Inside the Vatican Museums we decided to head for the Sistine Chapel since by now it was about 11 a.m. On the way we passed through the map corridor. Really cool old maps. It was actually very impressive how they were able to determine where things were. I didn’t think to look at the dates of them, but one map we saw of the world had a date of 1528 and it was pretty darn accurate. Although it was kind of funny to see how out of scale they made America. By the way, the guidebook said that the Vatican Library has some handwritten copies of some of Luther’s stuff, which I find very interesting. On our way through we came across two other guys in clerical collars and cassocks (long black robes). They knew English because they are from the U.S. They miss being able to keep up with things like March Madness which was going on at the time. The Sistine Chapel is very neat to see, although I really like the churches and Basilicas more. But the amazing thing about the Sistine Chapel is to just be in awe of what Michelangelo accomplished while lying flat on his back for four years. Something to behold.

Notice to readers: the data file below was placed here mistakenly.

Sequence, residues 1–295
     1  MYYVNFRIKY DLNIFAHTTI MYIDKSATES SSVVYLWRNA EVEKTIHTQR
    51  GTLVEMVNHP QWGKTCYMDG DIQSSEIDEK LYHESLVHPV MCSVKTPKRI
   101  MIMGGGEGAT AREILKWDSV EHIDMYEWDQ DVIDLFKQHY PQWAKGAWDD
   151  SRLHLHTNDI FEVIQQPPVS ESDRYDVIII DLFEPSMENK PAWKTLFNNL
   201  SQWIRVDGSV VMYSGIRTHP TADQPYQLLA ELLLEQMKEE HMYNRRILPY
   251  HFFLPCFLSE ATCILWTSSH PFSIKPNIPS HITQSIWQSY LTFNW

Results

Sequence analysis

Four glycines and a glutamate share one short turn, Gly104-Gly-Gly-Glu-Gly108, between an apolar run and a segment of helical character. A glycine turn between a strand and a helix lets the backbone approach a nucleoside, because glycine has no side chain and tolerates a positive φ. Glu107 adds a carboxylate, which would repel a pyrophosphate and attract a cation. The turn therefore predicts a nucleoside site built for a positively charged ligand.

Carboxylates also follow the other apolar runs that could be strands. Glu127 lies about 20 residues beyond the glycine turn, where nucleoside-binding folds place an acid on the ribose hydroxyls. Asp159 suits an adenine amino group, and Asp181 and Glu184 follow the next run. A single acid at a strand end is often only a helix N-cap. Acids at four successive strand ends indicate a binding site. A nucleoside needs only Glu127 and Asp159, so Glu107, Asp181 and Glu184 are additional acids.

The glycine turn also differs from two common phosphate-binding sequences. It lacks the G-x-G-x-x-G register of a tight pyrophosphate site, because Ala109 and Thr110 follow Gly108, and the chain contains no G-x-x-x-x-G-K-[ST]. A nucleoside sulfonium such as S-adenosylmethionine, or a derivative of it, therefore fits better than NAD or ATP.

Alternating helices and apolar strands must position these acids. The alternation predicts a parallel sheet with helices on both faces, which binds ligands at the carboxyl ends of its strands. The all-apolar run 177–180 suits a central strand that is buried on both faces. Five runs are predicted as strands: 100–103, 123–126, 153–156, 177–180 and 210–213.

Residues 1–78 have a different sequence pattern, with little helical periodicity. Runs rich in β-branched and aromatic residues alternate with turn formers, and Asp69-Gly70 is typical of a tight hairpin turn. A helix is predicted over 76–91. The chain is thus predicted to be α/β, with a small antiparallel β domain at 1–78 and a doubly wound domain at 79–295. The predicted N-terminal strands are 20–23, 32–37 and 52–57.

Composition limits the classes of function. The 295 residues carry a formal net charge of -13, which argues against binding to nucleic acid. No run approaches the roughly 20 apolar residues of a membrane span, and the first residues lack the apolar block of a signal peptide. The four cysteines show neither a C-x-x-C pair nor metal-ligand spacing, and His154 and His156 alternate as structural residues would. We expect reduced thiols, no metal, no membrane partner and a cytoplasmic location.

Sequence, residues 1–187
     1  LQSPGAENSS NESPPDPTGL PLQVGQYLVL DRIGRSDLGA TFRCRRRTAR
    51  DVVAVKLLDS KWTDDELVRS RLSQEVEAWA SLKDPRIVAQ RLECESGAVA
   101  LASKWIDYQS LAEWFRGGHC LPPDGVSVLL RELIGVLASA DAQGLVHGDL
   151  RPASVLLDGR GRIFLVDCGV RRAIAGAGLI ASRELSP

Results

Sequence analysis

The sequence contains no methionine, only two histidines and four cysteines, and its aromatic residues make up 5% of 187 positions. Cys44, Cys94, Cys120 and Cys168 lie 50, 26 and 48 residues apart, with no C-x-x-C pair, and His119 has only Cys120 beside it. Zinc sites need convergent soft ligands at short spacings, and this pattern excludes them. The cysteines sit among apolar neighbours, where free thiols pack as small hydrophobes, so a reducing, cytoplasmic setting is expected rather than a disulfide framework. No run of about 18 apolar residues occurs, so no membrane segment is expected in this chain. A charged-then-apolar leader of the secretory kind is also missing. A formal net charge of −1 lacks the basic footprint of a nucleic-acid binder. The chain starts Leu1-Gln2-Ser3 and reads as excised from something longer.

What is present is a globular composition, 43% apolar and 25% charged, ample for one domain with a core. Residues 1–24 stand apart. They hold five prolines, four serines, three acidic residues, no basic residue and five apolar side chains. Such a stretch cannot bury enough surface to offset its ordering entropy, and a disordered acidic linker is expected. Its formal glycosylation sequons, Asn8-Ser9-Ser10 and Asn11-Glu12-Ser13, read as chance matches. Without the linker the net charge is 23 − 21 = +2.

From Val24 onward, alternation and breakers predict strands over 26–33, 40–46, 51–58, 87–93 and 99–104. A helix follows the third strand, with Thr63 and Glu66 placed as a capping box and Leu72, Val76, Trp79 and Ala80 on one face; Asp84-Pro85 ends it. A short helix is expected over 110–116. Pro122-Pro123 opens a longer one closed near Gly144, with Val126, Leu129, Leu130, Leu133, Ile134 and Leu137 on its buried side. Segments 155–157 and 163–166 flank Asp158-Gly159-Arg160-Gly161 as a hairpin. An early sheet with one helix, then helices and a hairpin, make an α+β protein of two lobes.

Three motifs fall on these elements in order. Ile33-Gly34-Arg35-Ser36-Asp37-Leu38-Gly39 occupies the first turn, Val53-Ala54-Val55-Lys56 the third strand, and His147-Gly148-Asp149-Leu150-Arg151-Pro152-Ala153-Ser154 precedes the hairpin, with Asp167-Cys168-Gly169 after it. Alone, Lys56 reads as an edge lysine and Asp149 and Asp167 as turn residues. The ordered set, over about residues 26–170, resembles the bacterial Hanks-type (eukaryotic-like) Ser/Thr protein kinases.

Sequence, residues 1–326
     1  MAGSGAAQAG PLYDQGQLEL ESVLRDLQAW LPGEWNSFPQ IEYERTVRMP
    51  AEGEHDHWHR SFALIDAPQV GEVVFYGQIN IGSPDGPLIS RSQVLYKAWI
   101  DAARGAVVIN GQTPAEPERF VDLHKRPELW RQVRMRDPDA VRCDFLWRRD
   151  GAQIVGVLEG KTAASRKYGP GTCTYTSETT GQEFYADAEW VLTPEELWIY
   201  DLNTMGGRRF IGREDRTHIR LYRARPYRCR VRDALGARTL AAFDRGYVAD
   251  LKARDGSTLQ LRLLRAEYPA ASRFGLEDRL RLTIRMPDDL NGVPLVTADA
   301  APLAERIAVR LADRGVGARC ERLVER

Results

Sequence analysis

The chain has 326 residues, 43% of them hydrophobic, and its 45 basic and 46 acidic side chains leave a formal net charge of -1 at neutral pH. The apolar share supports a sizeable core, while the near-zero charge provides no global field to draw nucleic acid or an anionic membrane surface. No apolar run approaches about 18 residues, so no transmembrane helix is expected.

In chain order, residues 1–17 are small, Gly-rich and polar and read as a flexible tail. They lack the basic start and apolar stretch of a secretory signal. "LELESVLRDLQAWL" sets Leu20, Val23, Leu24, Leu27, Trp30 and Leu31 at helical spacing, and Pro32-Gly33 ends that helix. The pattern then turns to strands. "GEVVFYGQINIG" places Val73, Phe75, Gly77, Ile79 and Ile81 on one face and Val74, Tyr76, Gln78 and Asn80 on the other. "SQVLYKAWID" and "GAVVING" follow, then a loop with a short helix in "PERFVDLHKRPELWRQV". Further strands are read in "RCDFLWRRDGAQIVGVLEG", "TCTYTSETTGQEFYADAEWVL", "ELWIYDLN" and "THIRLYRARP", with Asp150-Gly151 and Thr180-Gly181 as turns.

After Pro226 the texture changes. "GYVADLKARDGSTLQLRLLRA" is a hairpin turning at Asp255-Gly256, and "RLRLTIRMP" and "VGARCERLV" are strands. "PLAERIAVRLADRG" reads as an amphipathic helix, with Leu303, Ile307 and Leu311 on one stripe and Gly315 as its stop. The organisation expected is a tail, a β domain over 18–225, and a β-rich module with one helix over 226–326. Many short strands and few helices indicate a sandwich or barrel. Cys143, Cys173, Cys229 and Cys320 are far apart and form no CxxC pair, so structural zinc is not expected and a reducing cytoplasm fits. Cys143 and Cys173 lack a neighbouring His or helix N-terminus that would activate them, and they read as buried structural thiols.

Then we had to decide what to do. The internet said there was a mass every hour up through 1 p.m. in St. Peter’s Basilica and so it was now coming on toward noon. One thing I definitely wanted to do was witness a mass in St. Peter’s. We decided to eat lunch at the Vatican Museum cafeteria. Then we headed over to St. Peter’s. We had 20 minutes. Unfortunately, when we got to St. Peter’s Square, there was another huge line and it was for getting into the Basilica. So there goes the mass. There was another one scheduled for 4:30 or 4 or something so I didn’t give up hope. When we got inside we heard something going on so we headed in that direction. The one o’clock mass was in progress so we watched. When it was time for Communion we saw the two seminary students that we had met in the museums and had talked to on the way toward the Sistine Chapel. Great guys. From D.C. and Jersey. I asked them about the mass and they said one went on every hour at St. Peter’s. Anyway, I had lots of questions after seeing the mass so I asked them if they had a few minutes. Well, we ended up talking to them for almost an hour. And it would have been more but we did come here to see the sights.